Not literally, of course: by the time the boats come into the harbor, the fish are already on board, and only the harbor seals are likely to snack on those swimming under our whaleboats. Still, a geography student who grew up on the edge of the harbor has introduced me to two seafood markets -- Kyler's and Fisherman's -- where the fish practically swim up to the counter.
|Sockeye image: AllTackle.com|
Before I went seafaring this morning, Pam browsed Barton Seaver's Cod and Country -- the bible of sustainable seafood and the inspiration for our Peppery Pairing post back in March. On page 153, she found Warm Poached Salmon in Red Wine Sauce, clearly a good reason to look for salmon when I arrived at Kyler's after my row. For some reason, the wild, red sockeye was the same price as farm-raised pink salmon, so I went with the "fishier" option. On careful reading later, I saw that Seaver recommended pink salmon, but I think he would still have favored the wild over the farm-raised.
The recipe calls for heating the oven, only to 200 degrees, and then heating a thinly sliced shallot and a couple of sprigs of thyme in two cups of red wine. The wine should not be generic "cooking" wine in his view, since the cooking -- especially with the dramatic reduction used in this recipe -- would accentuate any flaws. We considered our home-vinted Pinot Noir, but decided to go all in, and I chose a Beaujolais. Specifically, I got two bottles of 2011 Beaujolais-Villages from Louis Jadot (est. 1869), made in Beaujolais -- bien sur! -- from Gamay grapes.
The two bottles were distributed as follows -- one half of the first bottle for poaching and one half for the chefs (Pam made a wonderful salad that had really been in the field at Colchester hours earlier); the second bottle was served (by and to us) to accompany dinner and a movie. Even in more usual circumstances where we just a more modest amount of wine in the cooking, I recommend cooking with something that can be served proudly with the meal.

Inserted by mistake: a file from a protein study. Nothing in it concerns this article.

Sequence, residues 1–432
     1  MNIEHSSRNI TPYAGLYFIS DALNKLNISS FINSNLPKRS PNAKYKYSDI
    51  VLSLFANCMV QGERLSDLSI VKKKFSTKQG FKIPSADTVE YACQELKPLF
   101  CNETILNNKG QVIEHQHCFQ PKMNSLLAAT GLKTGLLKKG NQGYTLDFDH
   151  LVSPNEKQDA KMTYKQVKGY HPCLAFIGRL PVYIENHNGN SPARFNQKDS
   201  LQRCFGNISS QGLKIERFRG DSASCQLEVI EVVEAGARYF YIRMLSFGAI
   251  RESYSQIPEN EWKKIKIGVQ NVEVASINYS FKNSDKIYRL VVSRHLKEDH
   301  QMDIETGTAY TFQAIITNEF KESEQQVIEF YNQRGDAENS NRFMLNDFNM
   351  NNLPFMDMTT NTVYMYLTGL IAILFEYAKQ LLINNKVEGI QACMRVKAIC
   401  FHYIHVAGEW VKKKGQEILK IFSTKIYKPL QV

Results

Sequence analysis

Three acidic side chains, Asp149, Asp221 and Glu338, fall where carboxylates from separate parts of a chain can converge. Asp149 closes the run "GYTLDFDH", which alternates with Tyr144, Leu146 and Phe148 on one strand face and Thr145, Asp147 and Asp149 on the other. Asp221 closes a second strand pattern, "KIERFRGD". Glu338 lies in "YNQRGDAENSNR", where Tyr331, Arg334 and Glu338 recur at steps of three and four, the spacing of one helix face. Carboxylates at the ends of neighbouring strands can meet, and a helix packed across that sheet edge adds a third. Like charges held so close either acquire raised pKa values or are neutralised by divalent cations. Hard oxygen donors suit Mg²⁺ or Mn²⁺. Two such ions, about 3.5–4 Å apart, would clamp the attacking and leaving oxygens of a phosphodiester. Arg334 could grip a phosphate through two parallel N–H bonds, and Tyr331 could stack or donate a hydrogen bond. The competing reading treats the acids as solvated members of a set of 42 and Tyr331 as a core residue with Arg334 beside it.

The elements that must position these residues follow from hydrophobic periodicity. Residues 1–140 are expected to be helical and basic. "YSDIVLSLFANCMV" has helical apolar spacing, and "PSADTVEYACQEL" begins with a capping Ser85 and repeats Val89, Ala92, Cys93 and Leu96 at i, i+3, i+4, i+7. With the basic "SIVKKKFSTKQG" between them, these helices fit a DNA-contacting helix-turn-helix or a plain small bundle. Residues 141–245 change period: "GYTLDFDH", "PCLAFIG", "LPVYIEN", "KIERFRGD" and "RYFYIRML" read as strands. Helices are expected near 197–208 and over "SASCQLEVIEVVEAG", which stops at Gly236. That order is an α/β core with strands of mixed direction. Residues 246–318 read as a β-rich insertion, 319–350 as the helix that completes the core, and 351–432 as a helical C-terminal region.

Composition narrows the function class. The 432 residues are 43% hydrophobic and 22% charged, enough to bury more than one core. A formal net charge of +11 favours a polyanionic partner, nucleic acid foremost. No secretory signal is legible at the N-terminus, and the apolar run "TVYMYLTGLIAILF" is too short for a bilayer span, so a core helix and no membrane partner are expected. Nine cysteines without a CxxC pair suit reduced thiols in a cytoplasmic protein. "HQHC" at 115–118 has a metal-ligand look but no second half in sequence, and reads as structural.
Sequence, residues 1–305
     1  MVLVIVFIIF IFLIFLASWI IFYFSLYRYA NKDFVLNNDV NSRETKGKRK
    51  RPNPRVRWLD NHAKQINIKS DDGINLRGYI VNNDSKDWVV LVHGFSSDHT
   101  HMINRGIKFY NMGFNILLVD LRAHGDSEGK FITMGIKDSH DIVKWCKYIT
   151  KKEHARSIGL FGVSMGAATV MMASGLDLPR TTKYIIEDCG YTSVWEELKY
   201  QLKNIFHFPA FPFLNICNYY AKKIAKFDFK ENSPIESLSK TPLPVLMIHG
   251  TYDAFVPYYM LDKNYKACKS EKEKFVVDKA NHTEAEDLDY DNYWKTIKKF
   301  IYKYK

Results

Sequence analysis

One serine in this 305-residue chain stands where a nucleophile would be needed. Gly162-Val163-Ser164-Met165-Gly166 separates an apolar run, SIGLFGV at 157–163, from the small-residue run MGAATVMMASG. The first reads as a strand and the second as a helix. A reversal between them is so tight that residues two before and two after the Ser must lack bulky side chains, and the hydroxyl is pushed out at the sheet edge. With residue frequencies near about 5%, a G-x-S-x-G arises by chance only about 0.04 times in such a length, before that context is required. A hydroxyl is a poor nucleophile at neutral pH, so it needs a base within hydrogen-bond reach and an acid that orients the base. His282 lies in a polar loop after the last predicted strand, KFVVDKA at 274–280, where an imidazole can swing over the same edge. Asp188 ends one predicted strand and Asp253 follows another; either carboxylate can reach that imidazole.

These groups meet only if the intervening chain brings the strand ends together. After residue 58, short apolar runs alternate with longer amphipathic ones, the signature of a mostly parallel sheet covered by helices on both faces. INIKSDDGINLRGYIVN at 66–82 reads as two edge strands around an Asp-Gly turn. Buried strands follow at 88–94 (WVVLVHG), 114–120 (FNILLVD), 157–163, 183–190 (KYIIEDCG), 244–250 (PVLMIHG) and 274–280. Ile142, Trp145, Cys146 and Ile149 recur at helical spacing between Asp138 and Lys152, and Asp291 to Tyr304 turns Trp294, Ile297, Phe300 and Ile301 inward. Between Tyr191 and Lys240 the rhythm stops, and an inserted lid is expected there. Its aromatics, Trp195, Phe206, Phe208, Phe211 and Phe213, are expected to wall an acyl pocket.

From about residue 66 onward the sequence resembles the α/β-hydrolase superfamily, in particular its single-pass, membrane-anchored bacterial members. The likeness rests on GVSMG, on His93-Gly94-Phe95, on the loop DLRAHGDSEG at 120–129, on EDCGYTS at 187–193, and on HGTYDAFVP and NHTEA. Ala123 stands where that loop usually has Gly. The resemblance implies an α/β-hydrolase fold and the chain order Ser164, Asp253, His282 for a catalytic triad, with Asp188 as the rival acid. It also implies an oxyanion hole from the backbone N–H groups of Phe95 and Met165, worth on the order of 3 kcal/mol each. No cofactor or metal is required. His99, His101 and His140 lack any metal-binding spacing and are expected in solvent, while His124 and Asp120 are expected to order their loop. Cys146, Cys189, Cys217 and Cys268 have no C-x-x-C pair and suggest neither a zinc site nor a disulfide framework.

Seaver is very specific about the heating and poaching -- the liquid in the pan should be maintained at 170 degrees (which I did) and the salmon should be cooked in 12 minutes (which it was not). I eventually realized that the problem was my lack of attention to one detail. Seaver specifies the use of a saucepan barely big enough to hold the salmon. I had one large piece, cut in two, but only occupying about 2/3 of our large, indispensable cast-iron skillet. I should have used a smaller pan, so that the fish would be entirely in the steaming wine.
Eventually, then, the fish was cooked through, and I transferred it to a warm platter in the oven. Then I turned up the heat on the remaining wine and shallots, until the two cups was reduced to two tablespoons. (I was reminded of a Northern Exposure episode in which Maurice did something similar with beef, at great expense.) Once the wine was reduced, I removed the thyme sprig, and melted two tablespoons of butter into the sauce. I then poured this over the fish and served it with some fresh bread and Pam's wonderful salad and a slightly-chilled second bottle of Beaujolais. Because the tasting notes from Louis Jadot mentioned strawberry as a major part of the flavor profile, I put a few strawbs into the salad, to good effect.